The ground cracked like the rough pit of a peach and snapped in two. The sun behind the mountains turned into an olive-green glow. To niña Gloria this was home. She continued to sell her bowl of lemons, rubbing a cold, thin silver Christ pocketed in her apron. Others like Lito and Marvin played soldiers in the ruins of a school, running around mounds of bricks, shooting chickens and pigs. No one knows exactly how a light film of ash appeared on everyone’s eyelids early in the morning or how trout and mackerel plunged from the sky, twitched, leaped through the streets. Some say the skin of trees felt like old newspaper, dry and yellow. Others believe the soapsuds washed aside in rivers began to rise in their milk. One Monday morning, a rain fell and the cemetery washed into the city. Bones began to knock and knock at our doors. Streets became muddy rivers waiting for bodies to drop among piles of dead fish. In a year, everyone stabbed flowers on a grave. This explains why women thought and moved like lizards under stones, why men heard bees buzzing inside their skulls, why dogs lost their sense of smell sniffing piles of rubble to get back home. In a few years, no one cared about turtles banging their heads against rocks, bulls with their sad, busted eyes, parrots that kept diving into creeks, the dark swelling of the open ground or at night a knife stained the kitchen cloth. Instead, niña Gloria swept the ground, the broom licking her feet at each stroke. At the bus station, Marvin shined military boots, twenty-five cents a pair, reduced his words to a spit, a splutter of broken sentences on shoe polish, leather. In the evenings, he counted coins he’d tossed in a jar, then walked home, one step closer to the cracked bone clenched in the yellow jaw of a dog.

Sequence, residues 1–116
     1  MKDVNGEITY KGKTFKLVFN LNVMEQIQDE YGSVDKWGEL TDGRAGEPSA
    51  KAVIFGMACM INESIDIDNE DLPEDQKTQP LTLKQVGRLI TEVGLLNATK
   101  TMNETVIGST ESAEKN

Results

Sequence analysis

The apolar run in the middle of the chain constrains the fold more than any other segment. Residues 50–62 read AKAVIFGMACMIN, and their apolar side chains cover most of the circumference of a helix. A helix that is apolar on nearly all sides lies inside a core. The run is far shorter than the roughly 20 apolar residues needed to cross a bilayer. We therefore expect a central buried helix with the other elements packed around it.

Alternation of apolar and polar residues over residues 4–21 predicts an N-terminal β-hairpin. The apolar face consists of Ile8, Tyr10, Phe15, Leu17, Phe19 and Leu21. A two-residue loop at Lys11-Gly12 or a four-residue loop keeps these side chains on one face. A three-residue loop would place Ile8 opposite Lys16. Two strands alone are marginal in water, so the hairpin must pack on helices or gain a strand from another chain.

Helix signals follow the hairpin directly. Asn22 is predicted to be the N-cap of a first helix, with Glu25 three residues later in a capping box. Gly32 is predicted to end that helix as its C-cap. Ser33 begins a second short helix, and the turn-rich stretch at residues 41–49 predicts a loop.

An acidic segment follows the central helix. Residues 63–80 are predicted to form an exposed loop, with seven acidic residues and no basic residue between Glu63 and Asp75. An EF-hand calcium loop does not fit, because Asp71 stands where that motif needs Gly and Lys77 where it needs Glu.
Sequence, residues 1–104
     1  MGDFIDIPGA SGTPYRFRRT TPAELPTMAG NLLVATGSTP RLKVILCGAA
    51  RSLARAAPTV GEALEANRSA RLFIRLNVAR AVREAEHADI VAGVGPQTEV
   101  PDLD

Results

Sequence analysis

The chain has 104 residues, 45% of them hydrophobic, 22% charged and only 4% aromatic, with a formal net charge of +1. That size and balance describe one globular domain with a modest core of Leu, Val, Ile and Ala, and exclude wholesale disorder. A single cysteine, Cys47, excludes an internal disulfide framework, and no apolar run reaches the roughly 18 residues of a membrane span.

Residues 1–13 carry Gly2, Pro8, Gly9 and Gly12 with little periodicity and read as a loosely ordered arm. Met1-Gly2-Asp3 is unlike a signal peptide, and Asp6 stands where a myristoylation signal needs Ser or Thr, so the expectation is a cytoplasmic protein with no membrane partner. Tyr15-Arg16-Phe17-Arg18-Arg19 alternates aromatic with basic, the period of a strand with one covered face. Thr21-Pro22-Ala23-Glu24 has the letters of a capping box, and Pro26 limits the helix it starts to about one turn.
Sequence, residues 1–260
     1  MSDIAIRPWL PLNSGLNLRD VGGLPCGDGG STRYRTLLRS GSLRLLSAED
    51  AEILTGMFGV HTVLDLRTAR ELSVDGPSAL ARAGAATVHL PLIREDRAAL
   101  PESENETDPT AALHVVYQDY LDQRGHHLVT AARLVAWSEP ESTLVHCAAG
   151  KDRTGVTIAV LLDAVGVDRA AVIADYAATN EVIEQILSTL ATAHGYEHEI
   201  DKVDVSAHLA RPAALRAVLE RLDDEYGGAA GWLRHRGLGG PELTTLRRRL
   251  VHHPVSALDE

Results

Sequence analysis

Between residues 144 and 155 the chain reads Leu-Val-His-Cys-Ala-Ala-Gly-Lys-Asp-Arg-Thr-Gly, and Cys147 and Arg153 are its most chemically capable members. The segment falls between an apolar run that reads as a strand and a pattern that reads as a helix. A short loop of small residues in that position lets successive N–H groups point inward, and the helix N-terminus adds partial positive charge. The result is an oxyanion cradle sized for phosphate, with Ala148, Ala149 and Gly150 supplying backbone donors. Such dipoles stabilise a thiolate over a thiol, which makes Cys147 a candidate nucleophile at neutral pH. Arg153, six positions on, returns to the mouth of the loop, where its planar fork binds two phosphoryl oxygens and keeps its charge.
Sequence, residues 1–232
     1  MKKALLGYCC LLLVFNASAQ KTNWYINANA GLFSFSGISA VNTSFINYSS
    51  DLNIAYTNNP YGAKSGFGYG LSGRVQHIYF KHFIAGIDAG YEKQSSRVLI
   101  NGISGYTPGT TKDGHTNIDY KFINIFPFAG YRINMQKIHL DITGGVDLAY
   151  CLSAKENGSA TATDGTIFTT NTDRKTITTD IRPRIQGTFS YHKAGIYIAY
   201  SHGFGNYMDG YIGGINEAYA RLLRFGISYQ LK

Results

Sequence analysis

Copyright © 2009 William Archila. Used with permission of the author. “The decade the country became known throughout the world” appears in The Art of Exile (Bilingual Press/Editorial Bilingüe, 2009).